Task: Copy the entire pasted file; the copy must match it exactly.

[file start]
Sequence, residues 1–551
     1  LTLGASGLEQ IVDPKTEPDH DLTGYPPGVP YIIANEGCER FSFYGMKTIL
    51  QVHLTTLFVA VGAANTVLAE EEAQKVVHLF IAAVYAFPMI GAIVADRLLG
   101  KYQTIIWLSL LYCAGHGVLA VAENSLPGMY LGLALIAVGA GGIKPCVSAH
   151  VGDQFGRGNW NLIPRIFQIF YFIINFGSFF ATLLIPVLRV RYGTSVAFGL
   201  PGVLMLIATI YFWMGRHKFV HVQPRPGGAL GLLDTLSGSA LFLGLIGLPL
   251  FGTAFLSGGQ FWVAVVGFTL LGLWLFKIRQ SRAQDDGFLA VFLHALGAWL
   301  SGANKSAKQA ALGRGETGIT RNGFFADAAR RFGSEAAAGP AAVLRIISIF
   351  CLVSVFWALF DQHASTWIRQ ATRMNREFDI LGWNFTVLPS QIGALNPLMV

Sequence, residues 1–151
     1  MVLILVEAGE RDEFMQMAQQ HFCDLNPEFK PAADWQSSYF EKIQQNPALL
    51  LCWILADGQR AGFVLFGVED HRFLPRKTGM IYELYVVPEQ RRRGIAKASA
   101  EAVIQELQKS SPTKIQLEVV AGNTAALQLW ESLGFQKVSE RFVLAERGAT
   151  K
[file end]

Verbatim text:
Sequence, residues 1–551
     1  LTLGASGLEQ IVDPKTEPDH DLTGYPPGVP YIIANEGCER FSFYGMKTIL
    51  QVHLTTLFVA VGAANTVLAE EEAQKVVHLF IAAVYAFPMI GAIVADRLLG
   101  KYQTIIWLSL LYCAGHGVLA VAENSLPGMY LGLALIAVGA GGIKPCVSAH
   151  VGDQFGRGNW NLIPRIFQIF YFIINFGSFF ATLLIPVLRV RYGTSVAFGL
   201  PGVLMLIATI YFWMGRHKFV HVQPRPGGAL GLLDTLSGSA LFLGLIGLPL
   251  FGTAFLSGGQ FWVAVVGFTL LGLWLFKIRQ SRAQDDGFLA VFLHALGAWL
   301  SGANKSAKQA ALGRGETGIT RNGFFADAAR RFGSEAAAGP AAVLRIISIF
   351  CLVSVFWALF DQHASTWIRQ ATRMNREFDI LGWNFTVLPS QIGALNPLMV

Sequence, residues 1–151
     1  MVLILVEAGE RDEFMQMAQQ HFCDLNPEFK PAADWQSSYF EKIQQNPALL
    51  LCWILADGQR AGFVLFGVED HRFLPRKTGM IYELYVVPEQ RRRGIAKASA
   101  EAVIQELQKS SPTKIQLEVV AGNTAALQLW ESLGFQKVSE RFVLAERGAT
   151  K